Here is a Virtual Filing Cabinet for Quadratic Expressions, Equations and Functions. This is part of an ongoing experiment in how to better share online teaching resources. If you like this post, then make your own post for a particular topic.
What am I missing here? Point me to your favorite quadratics resource in the comments.
[Last Updated: 1/29/2012]
The Hard Parts
One of the hard parts about teaching quadratics is the complicated formulas that often appear. At its worst, a quadratics unit can get mired down in a lot of meaningless a, b, and c's. A lot of folks seem to approach this unit by asking themselves how they can avoid the formulas for as long as possible.
Your bigger sequencing decisions also matter here. If you have covered GCF factoring before touching quadratics, then you have a tool that can be used by your students for understanding things such as the x-intercepts of quadratics or the equation of the axis of symmetry. Will you use quadratics as an application of trinomial factoring, or as a motivation for trinomial factoring? Have you covered multiplying exponents yet?
There's a good way of deepening and making factoring problems more open over here.
For a higher level math class, PCMI has a series of problems that drives at the connection between the area and perimeter of a rectangle and the solutions to a quadratic equation.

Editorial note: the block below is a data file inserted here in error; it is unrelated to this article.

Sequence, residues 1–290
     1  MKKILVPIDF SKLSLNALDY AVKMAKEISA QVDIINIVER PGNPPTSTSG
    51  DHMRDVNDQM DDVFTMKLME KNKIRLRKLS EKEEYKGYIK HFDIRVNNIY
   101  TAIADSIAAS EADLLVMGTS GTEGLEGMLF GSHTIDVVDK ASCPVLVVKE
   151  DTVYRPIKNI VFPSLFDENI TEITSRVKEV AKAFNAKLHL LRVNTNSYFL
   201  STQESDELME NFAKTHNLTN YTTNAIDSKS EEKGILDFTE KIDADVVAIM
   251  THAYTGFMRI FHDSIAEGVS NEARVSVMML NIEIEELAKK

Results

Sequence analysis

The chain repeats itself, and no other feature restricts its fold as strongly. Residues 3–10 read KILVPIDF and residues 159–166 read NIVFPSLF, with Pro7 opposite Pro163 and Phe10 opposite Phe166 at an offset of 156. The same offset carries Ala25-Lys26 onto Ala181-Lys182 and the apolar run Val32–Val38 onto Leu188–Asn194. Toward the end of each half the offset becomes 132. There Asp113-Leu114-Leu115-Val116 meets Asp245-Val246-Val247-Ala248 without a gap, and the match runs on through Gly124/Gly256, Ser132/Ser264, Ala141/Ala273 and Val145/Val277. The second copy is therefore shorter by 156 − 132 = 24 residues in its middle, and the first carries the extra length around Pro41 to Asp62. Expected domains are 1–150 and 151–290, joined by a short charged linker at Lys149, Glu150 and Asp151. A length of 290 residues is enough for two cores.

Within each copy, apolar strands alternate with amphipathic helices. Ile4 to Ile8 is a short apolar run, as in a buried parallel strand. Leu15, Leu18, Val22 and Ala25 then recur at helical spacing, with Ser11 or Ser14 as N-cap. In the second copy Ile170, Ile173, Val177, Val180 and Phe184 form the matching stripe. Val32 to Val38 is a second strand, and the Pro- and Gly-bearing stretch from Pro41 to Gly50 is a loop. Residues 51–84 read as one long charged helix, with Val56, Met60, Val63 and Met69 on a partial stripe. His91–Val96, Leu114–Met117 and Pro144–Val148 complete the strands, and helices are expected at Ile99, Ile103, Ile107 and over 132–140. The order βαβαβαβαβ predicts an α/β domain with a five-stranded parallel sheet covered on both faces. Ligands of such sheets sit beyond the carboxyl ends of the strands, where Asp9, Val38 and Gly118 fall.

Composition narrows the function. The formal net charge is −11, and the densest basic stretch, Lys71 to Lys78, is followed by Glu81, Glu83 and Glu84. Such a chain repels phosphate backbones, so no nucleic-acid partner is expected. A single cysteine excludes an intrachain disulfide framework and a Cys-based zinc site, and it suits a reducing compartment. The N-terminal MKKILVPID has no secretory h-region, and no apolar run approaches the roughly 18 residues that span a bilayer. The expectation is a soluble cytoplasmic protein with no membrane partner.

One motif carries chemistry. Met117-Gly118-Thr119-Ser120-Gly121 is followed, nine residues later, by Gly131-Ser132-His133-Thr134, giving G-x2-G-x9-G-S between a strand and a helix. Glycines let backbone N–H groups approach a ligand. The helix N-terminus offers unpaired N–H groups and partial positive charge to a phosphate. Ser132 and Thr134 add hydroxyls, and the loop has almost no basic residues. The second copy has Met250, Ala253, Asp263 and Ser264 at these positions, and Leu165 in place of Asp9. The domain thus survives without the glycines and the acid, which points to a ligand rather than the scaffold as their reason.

This puzzle requires students to solve lots and lots of quadratic equations by factoring.
James Tanton is just phenomenal here. He starts with transformations, and has a great conceptual procedure for finding the vertex and the axis of symmetry from an equation.
The Exeter Academy problem set begin this topic on page 62. They've introduced factoring early, so that makes it easy to talk about where the x-intercept are for equations where c is zero. This is a nice set-up for a Tanton-style approach for finding the axis of symmetry and the vertex.
Here's a Malcolm Swan domino game for matching graphs with equations. It also has a set for finding the roots.